Katsnelson, Leonid B; Nikitina, Larissa V; Chemla, Denis; Solovyova, Olga; Coirault, Catherine; Lecarpentier, Yves; Markhasin, Vladimir S
2004-10-01
We have previously proposed and validated a mathematical model of myocardium contraction-relaxation cycle based on current knowledge of regulatory role of Ca2+ and cross-bridge kinetics in cardiac cell. That model did not include viscous elements. Here we propose a modification of the model, in which two viscous elements are added, one in parallel to the contractile element, and one more in parallel to the series elastic element. The modified model allowed us to simulate and explain some subtle experimental data on relaxation velocity in isotonic twitches and on a mismatch between the time course of sarcomere shortening/lengthening and the time course of active force generation in isometric twitches. Model results were compared with experimental data obtained from 28 rat LV papillary muscles contracting and relaxing against various loads. Additional model analysis suggested contribution of viscosity to main inotropic and lusitropic characteristics of myocardium performance. PMID:15302547
Leaching of saltstone: Laboratory and field testing and mathematical modeling
Grant, M.W.; Langton, C.A.; Oblath, S.B.; Pepper, D.W.; Wallace, R.M.; Wilhite, E.L.; Yau, W.W.F.
1987-01-01
A low-level alkaline salt solution will be a byproduct in the processing of high-level waste at the Savannah River Plant (SRP). This solution will be incorporated into a wasteform, saltstone, and disposed of in surface vaults. Laboratory and field leach testing and mathematical modeling have demonstrated the predictability of contaminant release from cement wasteforms. Saltstone disposal in surface vaults will meet the design objective, which is to meet drinking water standards in shallow groundwater at the disposal area boundary. Diffusion is the predominant mechanism for release of contaminants to the environment. Leach testing in unsaturated soil, at soil moisture levels above 1 wt %, has shown no difference in leach rate compared to leaching in distilled water. Field leach testing of three thirty-ton blocks of saltstone in lysimeters has been underway since January 1984. Mathematical models were applied to assess design features for saltstone disposal. One dimensional infinite-composite and semi-infinite analytical models were developed for assessing diffusion of nitrate from saltstone through a cement barrier. Numerical models, both finite element and finite difference, were validated by comparison of model predictions with the saltstone lysimeter results. Validated models were used to assess the long-term performance of the saltstone stored in surface vaults. The maximum concentrations of all contaminants released from saltstone to shallow groundwater are predicted to be below drinking water standards at the disposal area boundary. 5 refs., 11 figs., 5 tabs.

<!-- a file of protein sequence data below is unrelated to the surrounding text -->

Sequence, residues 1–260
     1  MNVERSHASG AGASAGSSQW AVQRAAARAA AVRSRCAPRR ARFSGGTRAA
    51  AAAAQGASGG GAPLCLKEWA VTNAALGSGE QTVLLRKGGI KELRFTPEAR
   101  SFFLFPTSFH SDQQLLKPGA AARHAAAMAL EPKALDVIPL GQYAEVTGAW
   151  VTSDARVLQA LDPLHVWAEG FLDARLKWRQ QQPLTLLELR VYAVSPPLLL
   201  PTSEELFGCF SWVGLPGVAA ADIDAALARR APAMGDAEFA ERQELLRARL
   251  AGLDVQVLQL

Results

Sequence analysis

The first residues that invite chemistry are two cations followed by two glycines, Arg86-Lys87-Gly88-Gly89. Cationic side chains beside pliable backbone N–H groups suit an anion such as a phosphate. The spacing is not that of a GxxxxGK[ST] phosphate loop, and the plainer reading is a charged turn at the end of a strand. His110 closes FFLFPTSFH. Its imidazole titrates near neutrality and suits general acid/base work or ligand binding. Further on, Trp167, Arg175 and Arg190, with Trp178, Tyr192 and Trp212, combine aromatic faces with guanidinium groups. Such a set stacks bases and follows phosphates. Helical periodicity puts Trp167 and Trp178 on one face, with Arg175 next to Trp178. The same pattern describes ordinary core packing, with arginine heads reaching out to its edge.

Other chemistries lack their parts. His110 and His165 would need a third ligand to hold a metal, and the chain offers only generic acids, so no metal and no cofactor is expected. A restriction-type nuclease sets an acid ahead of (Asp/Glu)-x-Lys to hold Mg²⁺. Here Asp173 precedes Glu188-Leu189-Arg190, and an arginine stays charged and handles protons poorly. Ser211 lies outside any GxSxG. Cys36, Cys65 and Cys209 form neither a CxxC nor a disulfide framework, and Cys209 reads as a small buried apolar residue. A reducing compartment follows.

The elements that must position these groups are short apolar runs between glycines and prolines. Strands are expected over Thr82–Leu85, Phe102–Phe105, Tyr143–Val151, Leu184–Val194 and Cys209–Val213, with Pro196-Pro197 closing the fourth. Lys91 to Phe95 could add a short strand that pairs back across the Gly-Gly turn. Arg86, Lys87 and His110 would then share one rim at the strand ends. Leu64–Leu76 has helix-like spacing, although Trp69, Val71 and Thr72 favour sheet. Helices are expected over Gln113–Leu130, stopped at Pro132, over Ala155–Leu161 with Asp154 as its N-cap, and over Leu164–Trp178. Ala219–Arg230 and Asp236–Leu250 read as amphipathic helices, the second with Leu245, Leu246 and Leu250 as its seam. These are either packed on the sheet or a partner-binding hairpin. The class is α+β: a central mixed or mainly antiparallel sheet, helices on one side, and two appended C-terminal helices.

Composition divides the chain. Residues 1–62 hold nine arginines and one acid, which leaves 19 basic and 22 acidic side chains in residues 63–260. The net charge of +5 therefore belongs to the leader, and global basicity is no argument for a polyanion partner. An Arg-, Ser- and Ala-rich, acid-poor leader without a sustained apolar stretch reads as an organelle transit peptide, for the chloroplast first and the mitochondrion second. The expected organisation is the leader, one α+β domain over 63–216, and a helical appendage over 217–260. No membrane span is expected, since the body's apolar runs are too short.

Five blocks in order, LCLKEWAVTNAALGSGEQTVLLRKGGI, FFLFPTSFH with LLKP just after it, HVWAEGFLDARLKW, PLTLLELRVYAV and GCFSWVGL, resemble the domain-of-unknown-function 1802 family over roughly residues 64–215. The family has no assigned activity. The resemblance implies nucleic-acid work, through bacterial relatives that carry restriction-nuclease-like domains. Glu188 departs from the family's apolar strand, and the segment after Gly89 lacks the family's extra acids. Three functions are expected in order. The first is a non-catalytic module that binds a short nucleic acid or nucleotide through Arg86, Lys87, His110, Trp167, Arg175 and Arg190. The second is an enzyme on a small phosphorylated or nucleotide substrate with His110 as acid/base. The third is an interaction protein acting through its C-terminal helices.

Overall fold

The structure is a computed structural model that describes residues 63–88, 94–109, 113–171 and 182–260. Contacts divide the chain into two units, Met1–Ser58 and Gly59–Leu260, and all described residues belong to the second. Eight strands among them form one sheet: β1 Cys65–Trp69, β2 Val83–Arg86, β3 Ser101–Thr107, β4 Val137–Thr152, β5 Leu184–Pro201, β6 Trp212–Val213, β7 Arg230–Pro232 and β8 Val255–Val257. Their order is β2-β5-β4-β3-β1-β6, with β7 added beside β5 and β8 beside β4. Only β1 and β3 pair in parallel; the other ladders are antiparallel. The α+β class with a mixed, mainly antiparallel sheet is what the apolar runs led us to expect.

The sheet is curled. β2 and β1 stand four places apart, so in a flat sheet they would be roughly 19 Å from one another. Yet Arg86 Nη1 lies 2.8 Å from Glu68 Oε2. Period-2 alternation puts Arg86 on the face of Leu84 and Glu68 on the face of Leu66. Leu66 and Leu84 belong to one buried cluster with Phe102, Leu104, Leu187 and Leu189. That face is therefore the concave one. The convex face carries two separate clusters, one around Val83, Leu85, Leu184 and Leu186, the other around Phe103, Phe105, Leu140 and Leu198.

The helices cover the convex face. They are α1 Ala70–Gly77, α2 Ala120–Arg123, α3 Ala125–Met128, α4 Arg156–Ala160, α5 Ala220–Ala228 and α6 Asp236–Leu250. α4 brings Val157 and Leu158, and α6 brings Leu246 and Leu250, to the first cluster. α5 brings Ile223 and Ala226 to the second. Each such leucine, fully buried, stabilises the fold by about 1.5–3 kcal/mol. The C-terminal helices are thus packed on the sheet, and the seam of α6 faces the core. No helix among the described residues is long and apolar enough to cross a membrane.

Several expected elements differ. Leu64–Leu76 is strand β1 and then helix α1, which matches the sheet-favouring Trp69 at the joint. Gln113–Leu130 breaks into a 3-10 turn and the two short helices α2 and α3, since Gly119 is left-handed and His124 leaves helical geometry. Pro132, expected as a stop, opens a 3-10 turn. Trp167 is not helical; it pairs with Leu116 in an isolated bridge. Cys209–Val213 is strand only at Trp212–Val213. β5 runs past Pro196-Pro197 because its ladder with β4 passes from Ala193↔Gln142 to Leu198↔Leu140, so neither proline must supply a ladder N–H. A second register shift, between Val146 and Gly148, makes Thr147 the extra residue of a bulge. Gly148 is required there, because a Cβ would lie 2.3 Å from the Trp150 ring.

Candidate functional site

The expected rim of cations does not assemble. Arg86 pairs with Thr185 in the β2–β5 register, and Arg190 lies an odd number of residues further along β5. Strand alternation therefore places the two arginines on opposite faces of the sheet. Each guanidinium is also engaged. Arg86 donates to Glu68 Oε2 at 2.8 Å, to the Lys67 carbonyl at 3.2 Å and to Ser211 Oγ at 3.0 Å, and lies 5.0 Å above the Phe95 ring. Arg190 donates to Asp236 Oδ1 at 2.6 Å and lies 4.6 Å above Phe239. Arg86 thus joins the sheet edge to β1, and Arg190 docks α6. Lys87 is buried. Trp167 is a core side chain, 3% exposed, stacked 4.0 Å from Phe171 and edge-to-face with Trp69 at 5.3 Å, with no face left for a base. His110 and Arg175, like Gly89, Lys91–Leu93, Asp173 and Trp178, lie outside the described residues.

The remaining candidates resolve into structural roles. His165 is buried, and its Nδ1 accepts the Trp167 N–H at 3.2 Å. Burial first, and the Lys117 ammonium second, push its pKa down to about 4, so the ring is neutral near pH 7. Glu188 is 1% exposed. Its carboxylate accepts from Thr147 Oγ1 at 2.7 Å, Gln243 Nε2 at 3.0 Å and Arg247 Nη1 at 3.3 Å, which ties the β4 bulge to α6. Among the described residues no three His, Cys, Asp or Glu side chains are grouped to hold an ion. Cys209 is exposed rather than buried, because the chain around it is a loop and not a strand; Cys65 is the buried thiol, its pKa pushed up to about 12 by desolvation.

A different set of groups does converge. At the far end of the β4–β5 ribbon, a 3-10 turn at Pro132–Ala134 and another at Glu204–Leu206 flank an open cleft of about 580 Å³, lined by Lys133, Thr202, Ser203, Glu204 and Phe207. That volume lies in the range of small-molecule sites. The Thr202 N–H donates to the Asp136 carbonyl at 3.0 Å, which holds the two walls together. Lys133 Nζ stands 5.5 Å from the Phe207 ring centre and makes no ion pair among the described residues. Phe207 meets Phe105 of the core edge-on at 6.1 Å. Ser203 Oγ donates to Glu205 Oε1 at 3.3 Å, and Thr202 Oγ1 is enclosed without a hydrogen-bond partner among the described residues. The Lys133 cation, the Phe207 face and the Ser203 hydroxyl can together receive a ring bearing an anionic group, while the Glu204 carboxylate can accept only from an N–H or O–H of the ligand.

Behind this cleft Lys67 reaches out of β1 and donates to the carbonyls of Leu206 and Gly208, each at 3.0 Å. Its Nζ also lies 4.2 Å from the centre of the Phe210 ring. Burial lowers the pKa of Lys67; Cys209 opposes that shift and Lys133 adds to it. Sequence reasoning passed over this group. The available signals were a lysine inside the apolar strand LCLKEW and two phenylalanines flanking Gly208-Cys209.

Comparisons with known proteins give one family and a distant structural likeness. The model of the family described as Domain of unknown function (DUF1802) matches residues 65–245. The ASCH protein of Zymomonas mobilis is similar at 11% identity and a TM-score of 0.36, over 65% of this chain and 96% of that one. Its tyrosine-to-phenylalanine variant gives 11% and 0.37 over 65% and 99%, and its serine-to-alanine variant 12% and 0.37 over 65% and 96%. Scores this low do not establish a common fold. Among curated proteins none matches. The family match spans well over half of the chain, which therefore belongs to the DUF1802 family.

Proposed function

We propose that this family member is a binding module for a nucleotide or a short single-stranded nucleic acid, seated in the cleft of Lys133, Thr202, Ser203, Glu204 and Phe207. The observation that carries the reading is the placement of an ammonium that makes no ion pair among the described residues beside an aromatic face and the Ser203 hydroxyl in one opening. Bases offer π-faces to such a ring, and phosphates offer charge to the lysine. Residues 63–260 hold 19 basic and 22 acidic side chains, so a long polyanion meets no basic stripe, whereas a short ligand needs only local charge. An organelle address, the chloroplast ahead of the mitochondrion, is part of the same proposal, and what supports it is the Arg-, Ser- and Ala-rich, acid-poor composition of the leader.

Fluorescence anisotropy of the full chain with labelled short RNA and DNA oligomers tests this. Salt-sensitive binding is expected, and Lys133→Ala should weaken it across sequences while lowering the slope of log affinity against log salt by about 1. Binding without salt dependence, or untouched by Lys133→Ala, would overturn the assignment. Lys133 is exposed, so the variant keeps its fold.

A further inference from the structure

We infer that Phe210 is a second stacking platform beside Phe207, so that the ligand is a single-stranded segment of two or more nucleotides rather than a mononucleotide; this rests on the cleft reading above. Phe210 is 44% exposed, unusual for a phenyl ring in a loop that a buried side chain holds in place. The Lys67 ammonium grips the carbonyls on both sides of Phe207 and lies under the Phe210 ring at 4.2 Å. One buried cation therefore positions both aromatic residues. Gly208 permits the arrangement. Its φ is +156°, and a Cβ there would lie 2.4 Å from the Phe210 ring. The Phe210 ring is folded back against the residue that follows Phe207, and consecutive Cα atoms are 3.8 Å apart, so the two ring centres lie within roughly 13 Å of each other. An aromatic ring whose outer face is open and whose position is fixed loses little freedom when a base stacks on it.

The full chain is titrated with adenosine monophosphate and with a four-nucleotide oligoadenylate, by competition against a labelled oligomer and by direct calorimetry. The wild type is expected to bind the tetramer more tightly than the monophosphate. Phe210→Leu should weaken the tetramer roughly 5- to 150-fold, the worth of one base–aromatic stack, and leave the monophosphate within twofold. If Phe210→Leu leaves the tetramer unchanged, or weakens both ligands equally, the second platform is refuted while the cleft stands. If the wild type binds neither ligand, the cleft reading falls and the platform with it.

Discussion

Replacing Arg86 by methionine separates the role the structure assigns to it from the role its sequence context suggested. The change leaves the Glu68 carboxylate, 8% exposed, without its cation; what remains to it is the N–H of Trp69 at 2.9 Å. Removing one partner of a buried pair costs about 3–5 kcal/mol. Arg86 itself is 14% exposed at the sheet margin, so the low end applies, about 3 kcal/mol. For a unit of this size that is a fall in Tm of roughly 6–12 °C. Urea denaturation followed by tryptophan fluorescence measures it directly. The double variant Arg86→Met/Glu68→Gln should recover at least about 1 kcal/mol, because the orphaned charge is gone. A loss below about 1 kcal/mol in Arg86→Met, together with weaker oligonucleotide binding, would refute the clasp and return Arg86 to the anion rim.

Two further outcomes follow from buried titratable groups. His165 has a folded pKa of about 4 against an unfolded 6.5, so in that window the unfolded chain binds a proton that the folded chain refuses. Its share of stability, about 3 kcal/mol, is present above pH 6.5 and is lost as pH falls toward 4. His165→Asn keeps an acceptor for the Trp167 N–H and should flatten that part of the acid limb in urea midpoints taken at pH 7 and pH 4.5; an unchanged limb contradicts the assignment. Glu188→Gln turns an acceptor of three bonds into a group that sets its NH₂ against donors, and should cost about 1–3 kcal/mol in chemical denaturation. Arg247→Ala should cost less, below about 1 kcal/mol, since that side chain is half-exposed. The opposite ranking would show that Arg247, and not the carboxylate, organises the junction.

Mathematical model of a flexible space shuttle vehicle
NASA Technical Reports Server (NTRS)
Harvey, C. A.
1972-01-01
The development of a mathematical model of the lateral motion of a flexible space shuttle vehicle during ascent is described. The model was developed to perform control system synthesis using stochastic constrained optimization techniques. The goals of the control system synthesis are to demonstrate the applicability of the techniques and to discover any problems peculiar to the flexible nature of a shuttle vehicle. The equations of motion are derived. A brief description of the generation of numerical data is given. Explicit definitions and numerical values of trajectory data and coefficients appearing in the equations of motion are included.
A mathematical model for the doubly fed wound rotor generator
NASA Technical Reports Server (NTRS)
Brady, F. J.
1983-01-01
A mathematical analysis of a doubly-fed wound rotor machine used as a constant frequency generator is presented. The purpose of this analysis is to derive a consistent set of circuit equations which produce constant stator frequency and constant stator voltage. Starting with instantaneous circuit equations, the necessary rotor voltages and currents are derived. The model, thus obtained, is assumed to be valid, since the resulting relationships between mechanical power and active volt-amperes agrees with the results of others. In addition, the model allows for a new interpretation of the power flow in the doubly-fed generator.
Mathematical Model Of Curing Behavior Of A Polymer
NASA Technical Reports Server (NTRS)
Loomis, Willard C.; Beyer, Rodney B.; Liu, Edmund K. S.
1995-01-01
Mathematical model predicts selected aspects of chemical, thermal and mechanical responses of polymeric liner and propellant materials during curing process. Predictions made both prior to processing and during process in quasi-real time. Developed specifically for use in designing and analyzing process in which bondline materials (including polymeric liners) and propellant cast and cured in rocket motor. With modifications, model applicable to curing of other polymeric materials. Further development may provide direct "in-line" program for calculations, including comparisons, in real time. This will constitute basis for more sophisticated control of process.
Mathematical model of one-man air revitalization system
NASA Technical Reports Server (NTRS)
1976-01-01